Evolution or revolution? The answer is academic. The truth is that the
momentum for audit change is building irreversibly. Stephen Haddrill, the
Financial Reporting Council’s chief executive, has courageously fired the
starter’s gun by saying that it is time to review “whether the value of the
audit can be enhanced”. But he is not the only agent for change.
The case for change is compelling. The statutory audit report is boilerplate
of the highest order. It fails to do justice to the quality of the audit
processes that underpin it. The Auditing Practices Board has also recognised the
need for change. ISA700 has rid us of some of the clutter in the statutory audit
report. Corporate reporting is changing too. Capital markets are placing more
reliance on narrative reporting and investors need meaningful assurance. Recent
research on user views, led by Professor Ian Fraser of Stirling University, with
support from ICAS, reinforces this point convincingly.
The importance of stewardship must not be underestimated. Investors will soon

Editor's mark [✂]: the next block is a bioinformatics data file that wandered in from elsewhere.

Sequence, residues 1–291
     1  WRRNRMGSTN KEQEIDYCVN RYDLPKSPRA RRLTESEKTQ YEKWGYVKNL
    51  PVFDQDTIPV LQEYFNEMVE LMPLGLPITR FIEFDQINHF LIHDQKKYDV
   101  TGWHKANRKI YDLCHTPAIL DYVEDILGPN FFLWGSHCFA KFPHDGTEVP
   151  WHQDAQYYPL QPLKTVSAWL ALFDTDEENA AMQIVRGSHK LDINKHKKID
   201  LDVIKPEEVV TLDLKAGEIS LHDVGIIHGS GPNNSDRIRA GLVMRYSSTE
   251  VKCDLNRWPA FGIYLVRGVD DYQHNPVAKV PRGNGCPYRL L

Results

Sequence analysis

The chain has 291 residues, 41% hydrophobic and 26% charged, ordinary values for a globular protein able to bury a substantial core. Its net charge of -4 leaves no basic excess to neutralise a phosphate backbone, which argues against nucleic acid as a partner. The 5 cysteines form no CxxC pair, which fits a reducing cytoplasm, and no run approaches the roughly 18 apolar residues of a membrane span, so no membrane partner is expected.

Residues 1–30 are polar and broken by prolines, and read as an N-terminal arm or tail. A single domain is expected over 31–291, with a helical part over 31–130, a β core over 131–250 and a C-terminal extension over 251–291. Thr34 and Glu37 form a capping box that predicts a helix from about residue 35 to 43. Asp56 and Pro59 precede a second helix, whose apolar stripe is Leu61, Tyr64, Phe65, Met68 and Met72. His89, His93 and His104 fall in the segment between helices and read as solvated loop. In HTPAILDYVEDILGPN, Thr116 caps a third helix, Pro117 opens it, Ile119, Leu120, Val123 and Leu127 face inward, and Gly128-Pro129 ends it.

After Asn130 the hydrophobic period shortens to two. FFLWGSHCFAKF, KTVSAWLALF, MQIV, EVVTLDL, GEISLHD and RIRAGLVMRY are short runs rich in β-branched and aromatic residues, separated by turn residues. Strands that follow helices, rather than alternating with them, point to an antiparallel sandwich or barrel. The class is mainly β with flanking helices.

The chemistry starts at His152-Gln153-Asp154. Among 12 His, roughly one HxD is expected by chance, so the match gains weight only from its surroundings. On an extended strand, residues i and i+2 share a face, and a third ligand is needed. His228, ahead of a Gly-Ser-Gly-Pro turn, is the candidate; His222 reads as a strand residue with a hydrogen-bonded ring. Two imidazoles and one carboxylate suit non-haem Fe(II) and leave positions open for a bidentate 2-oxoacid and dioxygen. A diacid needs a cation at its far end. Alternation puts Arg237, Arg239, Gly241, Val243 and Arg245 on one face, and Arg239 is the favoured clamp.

be signing up to the FRC’s proposed new stewardship code. Increasingly, their
clients will hold them to account. This means they will focus more and more on
the audit and risk aspects of corporate governance. Auditors need to recognise
that they are the steward’s steward. They are the steward’s eyes and ears. Also,
they need to remember who their client is – the shareholders, not management.
Stewardship is a reporting opportunity for auditors, not a threat.
One of the more disappointing aspects of audit reporting has been the herd
mentality that gravitates to the lowest common denominator, rather than the
highest common factor. Today’s audit reports are undoubtedly compliant with
regulation and statutory provisions but, from a stewardship perspective,
one-size-does-not-fit-all. Auditors need to be more willing to assume enhanced
reporting responsibilities – and be seen to do so. This will lead to more
Audit committees have a pivotal role to play in encouraging their auditors to
raise their game. They should ask their leading long-term shareholders what they
want in terms of additional assurance. This never happens in the public listed
company arena. Investors need to sharpen up as well. They need to clarify their
views and enter into the spirit of the dialogue on a company by company basis.
We are entering an age of audit enlightenment. Change will be a process not
an event but, if the big global networks resist change, the case for regulatory
intervention to address the structure and ownership of the audit market will be
hard to resist. Let us hope the winds of audit change are blowing from the right
Guy Jubb is investment director and head of corporate governance at
Standard Life Investments
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